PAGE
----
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Cat Marking

Pet Lady

Cheryl Falkenburry

September 14, 2005

 

Q:My cat has recently started marking in the house.Heís a four-year-old indoor cat and has never done this before.The vet couldnít find anything physically wrong with him.My husband is fed up and wants the cat to go.Heís such a wonderful cat; I donít want to get rid of him.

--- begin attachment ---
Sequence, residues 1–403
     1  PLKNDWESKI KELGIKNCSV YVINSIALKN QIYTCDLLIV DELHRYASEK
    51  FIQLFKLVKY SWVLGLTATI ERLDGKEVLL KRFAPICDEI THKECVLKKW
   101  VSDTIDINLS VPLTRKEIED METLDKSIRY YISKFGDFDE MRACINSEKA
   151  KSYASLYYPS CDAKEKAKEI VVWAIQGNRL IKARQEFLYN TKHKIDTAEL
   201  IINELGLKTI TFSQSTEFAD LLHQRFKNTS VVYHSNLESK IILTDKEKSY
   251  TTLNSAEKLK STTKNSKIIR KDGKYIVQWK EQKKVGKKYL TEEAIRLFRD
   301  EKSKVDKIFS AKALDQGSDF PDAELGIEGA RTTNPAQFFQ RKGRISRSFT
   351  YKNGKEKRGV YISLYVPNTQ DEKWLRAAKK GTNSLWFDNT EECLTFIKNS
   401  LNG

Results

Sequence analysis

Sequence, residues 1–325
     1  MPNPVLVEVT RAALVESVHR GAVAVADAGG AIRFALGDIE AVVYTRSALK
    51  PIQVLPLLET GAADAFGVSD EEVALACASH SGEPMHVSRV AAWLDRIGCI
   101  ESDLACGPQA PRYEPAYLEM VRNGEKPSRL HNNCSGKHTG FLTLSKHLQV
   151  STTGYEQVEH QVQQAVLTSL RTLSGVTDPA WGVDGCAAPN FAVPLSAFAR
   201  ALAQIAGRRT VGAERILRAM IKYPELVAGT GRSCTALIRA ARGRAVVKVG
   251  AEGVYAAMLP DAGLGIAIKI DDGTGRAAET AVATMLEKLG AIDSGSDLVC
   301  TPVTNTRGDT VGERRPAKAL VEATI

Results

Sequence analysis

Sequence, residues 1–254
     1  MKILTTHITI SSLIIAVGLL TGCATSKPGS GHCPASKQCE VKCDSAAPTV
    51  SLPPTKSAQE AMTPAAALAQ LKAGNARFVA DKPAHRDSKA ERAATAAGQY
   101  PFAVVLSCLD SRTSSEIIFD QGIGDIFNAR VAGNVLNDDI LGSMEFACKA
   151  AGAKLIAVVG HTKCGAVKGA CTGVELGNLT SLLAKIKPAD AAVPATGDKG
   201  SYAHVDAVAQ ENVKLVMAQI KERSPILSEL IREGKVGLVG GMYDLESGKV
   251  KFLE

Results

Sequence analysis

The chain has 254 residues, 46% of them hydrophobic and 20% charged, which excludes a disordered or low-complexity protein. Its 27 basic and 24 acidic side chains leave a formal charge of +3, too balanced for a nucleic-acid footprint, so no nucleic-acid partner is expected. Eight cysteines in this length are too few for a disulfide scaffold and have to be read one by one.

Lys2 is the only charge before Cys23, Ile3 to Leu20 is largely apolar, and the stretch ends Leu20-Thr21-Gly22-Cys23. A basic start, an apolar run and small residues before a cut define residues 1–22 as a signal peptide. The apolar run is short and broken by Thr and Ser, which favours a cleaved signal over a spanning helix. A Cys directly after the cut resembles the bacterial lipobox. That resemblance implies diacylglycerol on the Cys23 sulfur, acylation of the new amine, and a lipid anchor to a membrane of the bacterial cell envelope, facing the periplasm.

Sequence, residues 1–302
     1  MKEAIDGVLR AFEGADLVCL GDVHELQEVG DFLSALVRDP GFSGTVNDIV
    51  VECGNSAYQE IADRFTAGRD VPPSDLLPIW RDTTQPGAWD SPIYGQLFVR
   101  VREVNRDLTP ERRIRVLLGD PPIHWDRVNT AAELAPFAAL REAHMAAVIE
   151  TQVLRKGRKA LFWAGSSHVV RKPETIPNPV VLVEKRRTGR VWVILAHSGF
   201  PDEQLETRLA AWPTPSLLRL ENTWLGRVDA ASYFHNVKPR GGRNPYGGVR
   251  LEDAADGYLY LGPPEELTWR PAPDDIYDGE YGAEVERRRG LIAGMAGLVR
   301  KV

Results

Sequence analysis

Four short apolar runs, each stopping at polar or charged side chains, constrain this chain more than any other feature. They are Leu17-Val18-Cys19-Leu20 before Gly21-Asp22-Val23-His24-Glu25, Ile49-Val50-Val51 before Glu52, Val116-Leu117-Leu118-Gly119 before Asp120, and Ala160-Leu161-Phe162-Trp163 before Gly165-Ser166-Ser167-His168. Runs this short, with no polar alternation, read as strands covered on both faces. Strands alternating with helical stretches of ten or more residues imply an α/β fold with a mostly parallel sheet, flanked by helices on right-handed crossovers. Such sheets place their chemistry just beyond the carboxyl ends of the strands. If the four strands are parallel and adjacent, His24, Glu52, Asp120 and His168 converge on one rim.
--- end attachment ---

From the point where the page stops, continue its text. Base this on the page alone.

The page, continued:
A:Thereís probably been a change somewhere in this catís life that has made him start marking around the house.Often a new carpet, new furniture, new animal, or a new person in the house can start this type of behavior.The change makes the cat feel the need to mark in order to announce that this is his territory.If no obvious changes have been made inside the house, check around outside.There may be a new cat in town that started this cycle.Although your cat is an indoor cat, he may have seen the new cat from a window.Look for signs outside that a cat may have marked bushes or the side of your house.Your cat may be keenly aware of this new visitor and wants to make it clear this is HIS house.If this is the case, block his view of the outside for a while and take steps to discourage the visitor cat from coming around.Put tin foil around bushes near windows and the front door so the cat will not want to go to those areas.If you actually see the cat, you can squirt him with a squirt bottle and hiss to discourage his visits.You donít need to drench him, just give him the idea that heís not welcome.Thoroughly clean any areas where your cat has marked insideóbe sure to use a cleaner without ammonia.Put tin foil in those areas to discourage your cat from going back.Add another cat box to the house to give him some options for elimination.††† This is a problem that can be stopped with some patience and consistency.Ask your husband for a little more time.After all, this cat is just doing what comes naturally to him.He deserves the opportunity to learn a different behavior that is more acceptable to the humans in his life. The number one reason for relinquishment of cats to shelters is for elimination problems that could be solved.Donít give up on this little guy quite yet. For more ideas on cat elimination problems, log on to www.centerhillschool.com and click on ďBehavior IssuesĒ or call Cheryl at 434-591-6113.Private sessions are available to help find solutions to behavior problems.People owe it to their animal companions to try everything before relinquishing them to a shelter for behavior problems. Thanks for taking the time to seek an answer to this troubling problem.

 

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